Oil fell slightly from its 2016 peak as investors cashed in four weeks worth of gains on Friday. Despite market players booking profits, oil remained close to its highest level this year on fresh hopes of an output freeze by major producers.
Brent crude was $0.20 lower at $41.34 a barrel as of 0928 GMT. It reached a peak of $41.71 in intraday trading, its highest this year.
U.S. crude dipped $0.10 to trade lower at $40.10 barrel. The benchmark gained 4.5% yesterday, closing at $40.20.
Oil prices have rallied by more than 50% from 12-year lows recorded in December, after Saudi Arabia and Russia announced that a tentative agreement has been reached to freeze production at their January levels.
On Wednesday, the U.S. Energy Information Administration said crude stockpiles rose by 1.3 million barrels in the week leading to March 11, to a new high of 523.2 million barrels, but clarified that the figure was still below the 3.4 million barrel increase projected by analysts.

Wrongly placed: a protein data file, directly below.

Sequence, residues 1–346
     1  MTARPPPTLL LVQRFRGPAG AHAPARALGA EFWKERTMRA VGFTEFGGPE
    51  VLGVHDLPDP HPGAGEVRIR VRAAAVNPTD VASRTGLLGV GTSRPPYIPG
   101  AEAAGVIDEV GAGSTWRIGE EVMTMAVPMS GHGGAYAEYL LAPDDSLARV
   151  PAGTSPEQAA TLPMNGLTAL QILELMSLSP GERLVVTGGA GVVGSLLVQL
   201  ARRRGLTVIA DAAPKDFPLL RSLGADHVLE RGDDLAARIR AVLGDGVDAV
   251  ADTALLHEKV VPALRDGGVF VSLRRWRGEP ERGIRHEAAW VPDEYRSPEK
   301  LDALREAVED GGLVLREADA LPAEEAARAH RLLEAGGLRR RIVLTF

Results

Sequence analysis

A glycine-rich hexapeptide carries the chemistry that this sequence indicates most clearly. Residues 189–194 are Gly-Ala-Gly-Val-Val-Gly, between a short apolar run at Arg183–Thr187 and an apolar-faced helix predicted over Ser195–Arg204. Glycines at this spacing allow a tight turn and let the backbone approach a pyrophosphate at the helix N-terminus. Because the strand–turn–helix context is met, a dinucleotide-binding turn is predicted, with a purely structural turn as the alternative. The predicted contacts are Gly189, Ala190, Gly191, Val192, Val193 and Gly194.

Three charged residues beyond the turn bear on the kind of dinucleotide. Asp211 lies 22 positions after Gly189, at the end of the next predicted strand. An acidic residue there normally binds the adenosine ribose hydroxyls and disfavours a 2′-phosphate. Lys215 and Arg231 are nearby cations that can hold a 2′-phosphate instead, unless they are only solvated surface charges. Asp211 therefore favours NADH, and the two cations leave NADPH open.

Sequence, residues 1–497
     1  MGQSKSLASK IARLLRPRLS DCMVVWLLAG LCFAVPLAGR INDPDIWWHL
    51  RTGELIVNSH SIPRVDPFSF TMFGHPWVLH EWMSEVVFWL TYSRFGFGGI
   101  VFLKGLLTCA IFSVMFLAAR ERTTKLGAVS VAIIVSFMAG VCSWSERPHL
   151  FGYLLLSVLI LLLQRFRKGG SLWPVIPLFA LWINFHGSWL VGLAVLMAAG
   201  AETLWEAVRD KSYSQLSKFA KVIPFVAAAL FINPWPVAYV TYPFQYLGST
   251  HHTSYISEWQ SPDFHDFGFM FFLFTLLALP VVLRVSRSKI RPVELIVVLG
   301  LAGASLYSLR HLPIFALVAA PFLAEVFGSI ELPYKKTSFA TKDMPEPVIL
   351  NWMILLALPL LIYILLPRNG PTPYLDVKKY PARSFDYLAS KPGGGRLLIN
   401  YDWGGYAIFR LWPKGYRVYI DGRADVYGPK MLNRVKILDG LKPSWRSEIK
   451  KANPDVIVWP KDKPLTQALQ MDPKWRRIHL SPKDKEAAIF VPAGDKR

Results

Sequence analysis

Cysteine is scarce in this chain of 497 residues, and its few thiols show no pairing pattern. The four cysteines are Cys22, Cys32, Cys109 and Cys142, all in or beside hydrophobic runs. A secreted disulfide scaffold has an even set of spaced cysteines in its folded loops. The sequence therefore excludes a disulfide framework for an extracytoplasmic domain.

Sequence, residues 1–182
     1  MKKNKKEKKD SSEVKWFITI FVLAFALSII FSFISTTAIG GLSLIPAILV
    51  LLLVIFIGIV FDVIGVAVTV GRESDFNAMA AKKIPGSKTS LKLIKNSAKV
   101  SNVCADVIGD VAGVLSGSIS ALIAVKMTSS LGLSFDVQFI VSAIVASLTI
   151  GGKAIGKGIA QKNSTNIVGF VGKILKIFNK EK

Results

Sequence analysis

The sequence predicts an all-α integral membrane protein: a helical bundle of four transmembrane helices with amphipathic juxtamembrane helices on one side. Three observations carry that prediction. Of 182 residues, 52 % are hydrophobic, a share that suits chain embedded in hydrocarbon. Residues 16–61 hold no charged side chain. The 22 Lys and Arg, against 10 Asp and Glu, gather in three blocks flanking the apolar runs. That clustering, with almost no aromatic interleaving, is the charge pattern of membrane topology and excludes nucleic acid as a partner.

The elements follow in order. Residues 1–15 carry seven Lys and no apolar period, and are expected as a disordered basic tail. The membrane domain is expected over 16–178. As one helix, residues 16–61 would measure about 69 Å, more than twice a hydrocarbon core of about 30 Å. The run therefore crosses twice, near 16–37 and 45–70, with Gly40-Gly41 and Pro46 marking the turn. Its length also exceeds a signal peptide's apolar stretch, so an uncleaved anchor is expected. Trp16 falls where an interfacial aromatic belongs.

Both Brent and U.S. oils have been on the rise for weeks with the former hitting 4 weeks of non-stop gains and the latter recording 5 straight weeks of gains.
Representatives from 15 oil-producing countries, including Saudi Arabia and Russia, will be meeting in Doha on April 17 to discuss the details of the production freeze. Collectively, the 15 countries comprise 73% of the world’s total oil output.